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Nearly half of all parents feel guilty about playground cell phone use

"Concerns on this topic are very prevalent, and a lot of people report feeling guilty about their own behaviors," lead author Alexis Hiniker said.

By Brooks Hays
Nearly half of all parents feel guilty about playground cell phone use
A woman uses her smartphone. (UPI/Shutterstock/Skylines)

SEATTLE, May 18 (UPI) -- Parents know they're too often distracted. And they don't feel good about it. New research suggests parents don't always live up to their standards of supervision at the local playground.

A study by researchers at the University of Washington finds nearly half (44 percent) of all parents, nannies and adult babysitters think it's important to limit cell phone use while supervising young ones at the playground -- yet also fail to abide by their own ideals. For that reason, many parents feel guilty.

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It's not the first study to document cell phone use by supervisors and guardians. But it is the first to interview the subjects after doing so. In doing so, researchers found parent's proud of their behavior, but that boredom simply trumps principles.

Guilt nor fear of being judged by nearby parents was enough to keep most parents from momentarily ignoring the kids to refresh their inbox.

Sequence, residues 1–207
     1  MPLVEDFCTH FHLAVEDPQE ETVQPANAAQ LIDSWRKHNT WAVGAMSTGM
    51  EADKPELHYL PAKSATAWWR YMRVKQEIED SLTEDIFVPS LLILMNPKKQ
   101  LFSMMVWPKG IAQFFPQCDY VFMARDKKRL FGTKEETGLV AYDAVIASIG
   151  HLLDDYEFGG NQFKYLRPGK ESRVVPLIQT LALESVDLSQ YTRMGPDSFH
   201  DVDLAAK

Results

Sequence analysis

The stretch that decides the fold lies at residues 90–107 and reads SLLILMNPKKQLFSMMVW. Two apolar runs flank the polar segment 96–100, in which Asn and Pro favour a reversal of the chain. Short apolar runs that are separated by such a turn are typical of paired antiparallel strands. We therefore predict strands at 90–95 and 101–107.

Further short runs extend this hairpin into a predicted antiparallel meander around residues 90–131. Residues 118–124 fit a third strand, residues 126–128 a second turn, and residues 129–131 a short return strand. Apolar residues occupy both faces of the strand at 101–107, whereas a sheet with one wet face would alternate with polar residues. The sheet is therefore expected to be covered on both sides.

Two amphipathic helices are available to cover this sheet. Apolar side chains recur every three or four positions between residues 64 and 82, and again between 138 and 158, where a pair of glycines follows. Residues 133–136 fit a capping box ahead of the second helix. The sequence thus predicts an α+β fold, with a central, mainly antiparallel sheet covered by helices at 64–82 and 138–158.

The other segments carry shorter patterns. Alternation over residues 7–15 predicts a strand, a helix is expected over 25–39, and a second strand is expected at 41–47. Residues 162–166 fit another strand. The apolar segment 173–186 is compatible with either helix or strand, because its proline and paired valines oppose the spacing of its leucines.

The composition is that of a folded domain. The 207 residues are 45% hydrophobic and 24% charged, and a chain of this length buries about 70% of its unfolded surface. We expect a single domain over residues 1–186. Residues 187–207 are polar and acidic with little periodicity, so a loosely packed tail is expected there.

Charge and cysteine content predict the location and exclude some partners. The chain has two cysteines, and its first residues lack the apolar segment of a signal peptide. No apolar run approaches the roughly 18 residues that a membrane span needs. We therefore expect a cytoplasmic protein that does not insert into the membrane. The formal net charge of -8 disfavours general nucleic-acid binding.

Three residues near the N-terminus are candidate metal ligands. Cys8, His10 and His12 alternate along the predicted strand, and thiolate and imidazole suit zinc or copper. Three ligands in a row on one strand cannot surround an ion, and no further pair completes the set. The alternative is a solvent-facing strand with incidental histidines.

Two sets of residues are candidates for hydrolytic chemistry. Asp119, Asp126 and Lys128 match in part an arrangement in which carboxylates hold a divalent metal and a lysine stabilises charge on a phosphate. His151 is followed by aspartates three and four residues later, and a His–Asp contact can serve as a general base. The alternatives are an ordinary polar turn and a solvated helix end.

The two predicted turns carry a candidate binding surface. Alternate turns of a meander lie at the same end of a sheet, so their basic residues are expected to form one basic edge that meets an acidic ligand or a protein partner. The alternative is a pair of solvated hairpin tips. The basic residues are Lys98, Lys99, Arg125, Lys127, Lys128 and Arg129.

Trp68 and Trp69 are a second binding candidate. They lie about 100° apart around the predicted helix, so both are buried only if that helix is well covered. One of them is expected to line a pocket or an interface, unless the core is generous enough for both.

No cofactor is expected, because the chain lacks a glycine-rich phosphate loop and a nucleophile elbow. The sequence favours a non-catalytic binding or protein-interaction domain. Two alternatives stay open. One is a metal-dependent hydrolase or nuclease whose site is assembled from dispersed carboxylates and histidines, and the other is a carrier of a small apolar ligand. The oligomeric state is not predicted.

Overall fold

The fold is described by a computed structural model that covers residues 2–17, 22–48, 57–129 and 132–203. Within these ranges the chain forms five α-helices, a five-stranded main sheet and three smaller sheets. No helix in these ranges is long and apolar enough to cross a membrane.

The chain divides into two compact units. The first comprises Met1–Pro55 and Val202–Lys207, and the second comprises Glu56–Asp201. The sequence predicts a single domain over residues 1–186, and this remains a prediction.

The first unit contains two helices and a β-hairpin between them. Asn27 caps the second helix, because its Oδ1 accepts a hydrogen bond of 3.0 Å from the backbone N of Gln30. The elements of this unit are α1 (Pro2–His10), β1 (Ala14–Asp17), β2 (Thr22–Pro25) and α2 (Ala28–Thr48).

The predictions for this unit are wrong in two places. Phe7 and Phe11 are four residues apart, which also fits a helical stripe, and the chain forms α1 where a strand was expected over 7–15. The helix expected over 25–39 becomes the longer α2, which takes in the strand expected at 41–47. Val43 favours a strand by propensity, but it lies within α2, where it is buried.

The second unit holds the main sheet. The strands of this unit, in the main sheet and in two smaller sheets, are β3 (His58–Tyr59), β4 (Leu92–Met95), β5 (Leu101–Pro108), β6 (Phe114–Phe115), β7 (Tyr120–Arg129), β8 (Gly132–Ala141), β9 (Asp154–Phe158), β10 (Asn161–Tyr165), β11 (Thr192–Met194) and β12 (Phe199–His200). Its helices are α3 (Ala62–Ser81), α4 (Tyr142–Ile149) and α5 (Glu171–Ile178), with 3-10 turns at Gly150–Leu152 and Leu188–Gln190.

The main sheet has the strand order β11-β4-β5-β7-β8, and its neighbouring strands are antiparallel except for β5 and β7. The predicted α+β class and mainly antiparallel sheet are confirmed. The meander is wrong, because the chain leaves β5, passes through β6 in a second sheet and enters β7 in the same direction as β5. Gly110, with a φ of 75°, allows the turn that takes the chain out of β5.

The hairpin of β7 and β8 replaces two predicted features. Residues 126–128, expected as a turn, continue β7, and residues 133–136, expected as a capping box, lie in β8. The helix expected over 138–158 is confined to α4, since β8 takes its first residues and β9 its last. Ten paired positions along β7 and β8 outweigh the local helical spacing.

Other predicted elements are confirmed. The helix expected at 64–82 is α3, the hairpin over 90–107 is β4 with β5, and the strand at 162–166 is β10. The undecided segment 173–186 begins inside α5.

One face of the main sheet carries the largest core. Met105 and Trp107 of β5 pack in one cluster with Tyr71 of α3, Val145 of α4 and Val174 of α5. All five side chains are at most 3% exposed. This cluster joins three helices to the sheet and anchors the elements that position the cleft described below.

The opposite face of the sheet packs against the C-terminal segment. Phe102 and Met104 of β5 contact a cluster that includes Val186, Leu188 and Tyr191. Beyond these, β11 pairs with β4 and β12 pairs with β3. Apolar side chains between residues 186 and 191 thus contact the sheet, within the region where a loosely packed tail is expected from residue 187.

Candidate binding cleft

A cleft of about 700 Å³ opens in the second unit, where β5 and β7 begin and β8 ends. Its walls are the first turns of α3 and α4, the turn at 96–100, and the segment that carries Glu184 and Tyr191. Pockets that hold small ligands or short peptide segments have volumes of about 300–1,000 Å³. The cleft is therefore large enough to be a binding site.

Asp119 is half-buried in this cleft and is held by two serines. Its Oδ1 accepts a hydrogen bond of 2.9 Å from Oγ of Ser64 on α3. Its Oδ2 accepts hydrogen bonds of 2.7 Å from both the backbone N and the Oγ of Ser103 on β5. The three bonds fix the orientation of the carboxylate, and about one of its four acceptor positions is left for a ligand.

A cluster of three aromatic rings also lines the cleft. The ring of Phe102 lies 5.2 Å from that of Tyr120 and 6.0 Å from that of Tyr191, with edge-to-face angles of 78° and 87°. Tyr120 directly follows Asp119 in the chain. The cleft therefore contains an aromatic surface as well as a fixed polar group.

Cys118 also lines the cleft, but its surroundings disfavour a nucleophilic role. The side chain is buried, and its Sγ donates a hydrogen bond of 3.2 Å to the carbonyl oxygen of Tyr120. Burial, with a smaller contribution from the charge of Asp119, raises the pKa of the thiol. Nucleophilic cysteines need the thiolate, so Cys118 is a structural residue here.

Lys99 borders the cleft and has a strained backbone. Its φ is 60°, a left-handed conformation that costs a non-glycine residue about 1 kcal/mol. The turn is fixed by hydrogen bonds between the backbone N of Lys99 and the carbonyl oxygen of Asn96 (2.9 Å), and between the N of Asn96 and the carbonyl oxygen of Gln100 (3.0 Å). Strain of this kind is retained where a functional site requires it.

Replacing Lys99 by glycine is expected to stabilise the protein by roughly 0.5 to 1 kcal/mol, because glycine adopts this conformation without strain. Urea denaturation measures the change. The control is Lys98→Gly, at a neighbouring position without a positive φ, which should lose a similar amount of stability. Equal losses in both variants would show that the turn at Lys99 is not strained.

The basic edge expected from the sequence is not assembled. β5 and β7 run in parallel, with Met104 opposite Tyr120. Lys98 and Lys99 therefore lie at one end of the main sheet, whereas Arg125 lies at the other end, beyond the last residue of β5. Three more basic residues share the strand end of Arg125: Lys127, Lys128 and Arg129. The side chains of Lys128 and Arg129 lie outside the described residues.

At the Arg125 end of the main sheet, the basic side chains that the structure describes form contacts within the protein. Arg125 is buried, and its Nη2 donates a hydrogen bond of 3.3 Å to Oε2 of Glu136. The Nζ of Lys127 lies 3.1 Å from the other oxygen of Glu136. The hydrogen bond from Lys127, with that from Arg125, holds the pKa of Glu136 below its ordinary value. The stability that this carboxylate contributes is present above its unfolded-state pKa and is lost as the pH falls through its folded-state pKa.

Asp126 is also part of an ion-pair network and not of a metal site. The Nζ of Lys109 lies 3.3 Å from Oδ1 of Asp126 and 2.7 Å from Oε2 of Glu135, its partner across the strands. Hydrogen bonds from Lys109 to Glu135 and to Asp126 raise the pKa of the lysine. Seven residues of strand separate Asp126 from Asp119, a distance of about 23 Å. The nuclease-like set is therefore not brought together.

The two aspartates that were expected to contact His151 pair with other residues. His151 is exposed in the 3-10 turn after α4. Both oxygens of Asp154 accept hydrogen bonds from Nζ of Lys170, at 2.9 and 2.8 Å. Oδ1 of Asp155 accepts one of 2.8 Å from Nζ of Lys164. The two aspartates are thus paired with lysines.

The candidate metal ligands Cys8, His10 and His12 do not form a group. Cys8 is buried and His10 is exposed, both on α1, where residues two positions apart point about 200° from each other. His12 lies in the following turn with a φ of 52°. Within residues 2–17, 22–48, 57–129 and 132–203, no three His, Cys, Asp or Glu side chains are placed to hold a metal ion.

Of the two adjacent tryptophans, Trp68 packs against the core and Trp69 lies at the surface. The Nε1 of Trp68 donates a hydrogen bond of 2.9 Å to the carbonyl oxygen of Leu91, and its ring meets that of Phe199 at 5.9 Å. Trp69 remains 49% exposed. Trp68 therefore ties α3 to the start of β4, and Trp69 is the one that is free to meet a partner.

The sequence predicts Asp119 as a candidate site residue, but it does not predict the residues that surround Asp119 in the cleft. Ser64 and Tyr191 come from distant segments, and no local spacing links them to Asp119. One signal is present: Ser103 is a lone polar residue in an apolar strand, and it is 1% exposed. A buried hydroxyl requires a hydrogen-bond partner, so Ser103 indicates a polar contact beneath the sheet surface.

Researchers watched more than 40 hours of child-caretaker interactions at playgrounds in Seattle, and interviewed 466 adult caregivers whose behavior had been observed. They shared their results at the Association for Computing Machinery's (ACM) CHI conference, held last month in Seoul, South Korea.

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Most parents felt that they ceased smartphone use when their children asked to play or needed help, but evidence suggests caregivers overestimate their ability to refocus their attention away from their phones.

Researchers noted 32 times when children attempted to get the attention of a phone-using parent or caretaker. In more than half of those instances, the parent or caretaker failed to respond. During the 70 times researchers noted children attempting to interrupt caretakers from non-phone distractions -- speaking to another parent, for example -- only 10 percent of the time did the adult not respond.

But not everyone felt guilty about their playground phone habits. Nearly a quarter of interviewed parents didn't believe there was anything wrong with checking email or surfing the web while the kids played.

"Concerns on this topic are very prevalent, and a lot of people report feeling guilty about their own behaviors," lead author Alexis Hiniker, a doctoral student in Washington's human centered design and engineering department, explained in a press release. "But there's also a group who resents the idea that they should have to put their phones away when their child is safe and happily engaged in something else. There were strong opinions and very divergent opinions, for sure."

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While researchers said that problem of distracted parenting is often exaggerated, previous studies have suggested playground injuries have risen as mobile technology has become a prominent part of daily life.

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